Very rarely does a movie adaptation do the book justice. For every Hunger Games there is a Mortal Instruments. Luckily, The Maze Runner does well translating the literary onto the big screen.
Thomas awakens in a moving elevator not knowing who he is or where he is. He is introduced to a group of boys named The Gladers, the inhabitants of a lush valley. But beyond the valley is The Maze, a dangerous puzzle that the boys try each day trying to figure out how to solve and escape captivity. Thomas is just the many is a long line of boys who are sent to this world not knowing their purpose. But then suddenly things change when girl is dropped off along with a note saying she will be the last. Suddenly, the game seems even more dire.
The movie makes minimal changes, usually to facilitate the movie’s action. The biggest change is the complete removal of Thomas and Teresa’s telepathic link. In fact, Teresa herself is mostly down played. In the book she is unconscious when she arrives. In fact, she talks to Thomas telepathically and tells him that her appearance has triggered “The Ending.” This is the first of many clues that she and Thomas are not only linked but that they have something to do with what is happening to these boys. The two make use of their telepathy many times throughout the series, so it will be interesting to see how this deletion changes the aspects of the other movies.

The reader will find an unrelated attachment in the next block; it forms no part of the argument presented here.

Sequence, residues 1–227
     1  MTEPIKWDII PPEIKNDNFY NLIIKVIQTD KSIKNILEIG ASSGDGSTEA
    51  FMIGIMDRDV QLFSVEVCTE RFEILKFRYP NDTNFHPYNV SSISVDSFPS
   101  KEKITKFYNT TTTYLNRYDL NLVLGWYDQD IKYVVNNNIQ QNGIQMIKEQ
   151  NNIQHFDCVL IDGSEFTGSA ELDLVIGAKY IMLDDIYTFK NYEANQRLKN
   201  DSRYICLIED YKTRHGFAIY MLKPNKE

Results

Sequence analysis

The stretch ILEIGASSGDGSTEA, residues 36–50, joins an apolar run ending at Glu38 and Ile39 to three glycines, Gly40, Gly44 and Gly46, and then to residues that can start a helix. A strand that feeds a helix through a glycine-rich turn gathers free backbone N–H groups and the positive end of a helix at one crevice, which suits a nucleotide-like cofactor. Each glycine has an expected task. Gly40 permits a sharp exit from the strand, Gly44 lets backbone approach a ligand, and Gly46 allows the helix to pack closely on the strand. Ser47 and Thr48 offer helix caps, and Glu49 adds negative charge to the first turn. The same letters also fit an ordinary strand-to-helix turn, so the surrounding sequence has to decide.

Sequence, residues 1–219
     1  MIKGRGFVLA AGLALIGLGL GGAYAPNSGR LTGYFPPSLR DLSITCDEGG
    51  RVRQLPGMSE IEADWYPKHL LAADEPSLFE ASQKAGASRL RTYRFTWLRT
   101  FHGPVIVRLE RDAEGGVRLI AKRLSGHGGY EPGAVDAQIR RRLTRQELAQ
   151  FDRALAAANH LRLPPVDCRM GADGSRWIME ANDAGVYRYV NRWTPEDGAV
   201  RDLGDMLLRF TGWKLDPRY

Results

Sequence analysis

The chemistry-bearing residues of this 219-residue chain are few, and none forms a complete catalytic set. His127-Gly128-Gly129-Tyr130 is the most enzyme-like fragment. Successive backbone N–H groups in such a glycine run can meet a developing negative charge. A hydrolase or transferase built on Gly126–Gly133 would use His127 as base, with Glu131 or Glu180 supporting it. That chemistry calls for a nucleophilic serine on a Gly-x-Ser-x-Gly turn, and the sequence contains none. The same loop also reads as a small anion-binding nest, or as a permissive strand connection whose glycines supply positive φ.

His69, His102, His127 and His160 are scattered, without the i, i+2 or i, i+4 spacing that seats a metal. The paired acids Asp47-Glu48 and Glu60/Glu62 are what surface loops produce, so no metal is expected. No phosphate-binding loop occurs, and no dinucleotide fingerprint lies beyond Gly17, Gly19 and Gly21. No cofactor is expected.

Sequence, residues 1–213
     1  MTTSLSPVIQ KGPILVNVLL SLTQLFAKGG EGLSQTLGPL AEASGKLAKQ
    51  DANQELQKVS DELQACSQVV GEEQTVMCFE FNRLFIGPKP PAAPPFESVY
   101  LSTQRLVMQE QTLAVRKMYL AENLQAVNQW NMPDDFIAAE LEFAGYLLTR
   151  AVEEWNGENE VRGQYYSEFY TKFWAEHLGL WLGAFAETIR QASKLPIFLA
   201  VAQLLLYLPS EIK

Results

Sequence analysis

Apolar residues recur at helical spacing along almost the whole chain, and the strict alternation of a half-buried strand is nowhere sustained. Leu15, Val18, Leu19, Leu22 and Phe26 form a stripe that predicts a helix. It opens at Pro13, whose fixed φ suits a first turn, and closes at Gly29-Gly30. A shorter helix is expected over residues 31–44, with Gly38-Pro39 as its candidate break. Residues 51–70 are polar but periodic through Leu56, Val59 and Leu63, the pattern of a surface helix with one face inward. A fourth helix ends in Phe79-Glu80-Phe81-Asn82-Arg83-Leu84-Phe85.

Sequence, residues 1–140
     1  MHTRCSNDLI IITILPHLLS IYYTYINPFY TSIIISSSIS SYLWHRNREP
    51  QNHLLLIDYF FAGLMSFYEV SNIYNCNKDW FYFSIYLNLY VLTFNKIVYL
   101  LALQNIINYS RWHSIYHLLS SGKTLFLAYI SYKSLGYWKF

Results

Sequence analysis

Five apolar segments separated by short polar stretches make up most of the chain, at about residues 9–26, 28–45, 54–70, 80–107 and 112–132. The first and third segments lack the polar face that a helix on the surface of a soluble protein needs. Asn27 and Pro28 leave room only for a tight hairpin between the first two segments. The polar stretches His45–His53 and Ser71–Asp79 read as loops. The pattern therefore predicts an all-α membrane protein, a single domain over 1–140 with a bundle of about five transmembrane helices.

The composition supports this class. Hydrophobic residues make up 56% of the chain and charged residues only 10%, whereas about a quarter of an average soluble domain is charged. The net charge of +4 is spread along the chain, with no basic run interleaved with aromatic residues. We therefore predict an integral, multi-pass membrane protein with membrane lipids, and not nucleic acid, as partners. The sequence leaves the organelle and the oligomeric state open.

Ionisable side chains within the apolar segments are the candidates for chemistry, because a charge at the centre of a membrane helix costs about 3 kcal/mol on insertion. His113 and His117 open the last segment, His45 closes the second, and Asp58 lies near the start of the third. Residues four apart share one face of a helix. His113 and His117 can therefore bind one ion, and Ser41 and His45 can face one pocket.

The movie is a beautiful representation of The Glade and The Maze. It looks exactly as I had envisioned it except for The Maze walls. Due to filming limitations, you can see the ends of the massive walls but this allows for gorgeous Ariel shots of not just The Maze but the boys’ habitat in relation to The Maze. The production team manages to make the whole area beautiful yet unsettling.
The casting fits perfectly. The group of boys in the book has a wide variety of nationalities, ethnicities and ages, and the movies portray this well. No character is white washed and except for two of the actors, everyone is a relative unknown. This helps when casting an isolated, post-apocalyptic movie. It seems more real when Tom Cruise isn’t being reborn every five minutes. My favorites include Patricia Clarkson and Thomas Brodie-Sangster (Love Actually, Game of Thrones). Clarkson is perfect as the tester who makes a short but impactful appearance about the boys’ origins, and Brodie-Sangster is perfect as Newt, a fan favorite. He balances the aspects of being a leader as well as a scared teen boy well.
The Maze Runner made almost all of its $34 million budget its first week, and the sequels have been ordered. In fact, another Game of Throne actor (Aiden Gillen) is set to join. Here’s hoping the sequels will be as true to their book origins as this one was.